WSU Extension


Common Diseases : Phytophthora root rot
(revision date: 4/30/2013)

Phytophtora root rot is caused by a fungal infection of the roots resulting in root death and overall plant decline. Infected plants may appear off-colored and stunted, and may show symptoms of wilting prior to death. Plants growing in excessively wet soils (maybe for only several weeks) are most vulnerable to infection. These fungi thrive in poorly drained soils and can be spread by water movement as well as by movement of infested soil, infected plants and plant debris. Cinnamon-brown discoloration of infected roots and lower stem tissues are symptoms of this disease, but also can be symptoms of other root rot diseases. Laboratory isolation or ELISA tests confirm diagnosis.
Management Options

Non-Chemical Management
  • Plant only in deep, well-drained soil.
  • Correct drainage if water puddles near plants.
  • Use resistant species or cultivars, such as Hall or Sargent crabapples and certain rhododendron species and varieties. Avoid planting susceptible plants into soil where root rot has been a problem.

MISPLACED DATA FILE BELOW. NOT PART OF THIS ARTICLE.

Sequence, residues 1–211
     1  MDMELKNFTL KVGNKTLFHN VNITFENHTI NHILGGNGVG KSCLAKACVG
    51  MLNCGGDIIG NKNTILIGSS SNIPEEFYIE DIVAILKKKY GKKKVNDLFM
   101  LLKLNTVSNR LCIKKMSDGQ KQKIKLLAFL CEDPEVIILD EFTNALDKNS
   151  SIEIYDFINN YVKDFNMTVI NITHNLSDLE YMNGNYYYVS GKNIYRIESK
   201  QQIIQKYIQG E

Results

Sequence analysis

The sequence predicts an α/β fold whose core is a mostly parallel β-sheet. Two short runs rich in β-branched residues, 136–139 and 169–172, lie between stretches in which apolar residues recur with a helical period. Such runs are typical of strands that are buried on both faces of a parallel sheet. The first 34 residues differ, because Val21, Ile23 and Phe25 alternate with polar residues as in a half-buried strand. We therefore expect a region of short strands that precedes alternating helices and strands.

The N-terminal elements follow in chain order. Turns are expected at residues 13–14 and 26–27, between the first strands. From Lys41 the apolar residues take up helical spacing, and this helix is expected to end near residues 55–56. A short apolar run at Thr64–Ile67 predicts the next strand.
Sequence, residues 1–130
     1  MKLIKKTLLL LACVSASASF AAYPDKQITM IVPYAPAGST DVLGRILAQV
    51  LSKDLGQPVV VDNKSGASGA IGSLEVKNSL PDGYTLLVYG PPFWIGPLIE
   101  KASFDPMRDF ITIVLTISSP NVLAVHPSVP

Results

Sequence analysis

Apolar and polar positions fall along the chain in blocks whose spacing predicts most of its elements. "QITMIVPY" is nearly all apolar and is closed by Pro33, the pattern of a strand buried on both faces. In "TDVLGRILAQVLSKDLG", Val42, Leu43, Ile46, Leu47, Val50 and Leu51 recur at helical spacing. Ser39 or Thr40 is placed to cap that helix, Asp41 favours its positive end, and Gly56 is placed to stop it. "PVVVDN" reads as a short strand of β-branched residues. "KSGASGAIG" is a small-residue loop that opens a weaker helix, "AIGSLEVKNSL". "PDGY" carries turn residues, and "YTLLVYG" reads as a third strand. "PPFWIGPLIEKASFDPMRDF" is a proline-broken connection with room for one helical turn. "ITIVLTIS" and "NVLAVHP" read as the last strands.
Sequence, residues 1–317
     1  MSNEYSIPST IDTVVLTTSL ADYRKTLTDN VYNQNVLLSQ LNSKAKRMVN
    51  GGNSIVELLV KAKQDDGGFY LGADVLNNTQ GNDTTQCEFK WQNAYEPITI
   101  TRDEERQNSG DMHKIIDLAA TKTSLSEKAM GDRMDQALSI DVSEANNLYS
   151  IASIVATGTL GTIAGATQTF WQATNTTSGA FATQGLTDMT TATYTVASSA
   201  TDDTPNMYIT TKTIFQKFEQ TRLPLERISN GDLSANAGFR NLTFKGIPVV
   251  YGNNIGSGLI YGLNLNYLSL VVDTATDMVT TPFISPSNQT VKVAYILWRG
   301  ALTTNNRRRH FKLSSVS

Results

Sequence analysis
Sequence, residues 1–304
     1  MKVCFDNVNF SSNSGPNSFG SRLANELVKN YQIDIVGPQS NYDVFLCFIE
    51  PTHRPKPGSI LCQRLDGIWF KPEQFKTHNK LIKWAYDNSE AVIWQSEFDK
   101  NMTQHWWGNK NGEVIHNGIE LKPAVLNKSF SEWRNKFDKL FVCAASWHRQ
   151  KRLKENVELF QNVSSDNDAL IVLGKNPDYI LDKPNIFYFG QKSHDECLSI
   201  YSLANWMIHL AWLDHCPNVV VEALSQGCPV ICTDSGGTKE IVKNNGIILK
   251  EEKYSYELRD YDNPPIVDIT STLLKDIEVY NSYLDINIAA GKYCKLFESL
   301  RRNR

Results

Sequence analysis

• Do not move infected plants, plant debris, or infested soil to other areas.
  • Destroy infected plant material including roots when feasible.
Select non-chemical management options as your first choice!

Chemical Management

None recommended

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Caption: Phytophthora collar rot on madrone
Photo by: R.S. Byther
Caption: Phytophthora root rot infecting trunk
Photo by: R.S. Byther
Caption: Dieback on creeping hemlock due to Phytophthora root rot
Photo by: R.S. Byther
Caption: Phytophthora root rot on juniper
Photo by: R.S. Byther
Caption: Phytophthora root rot on cedar
Photo by: R.S. Byther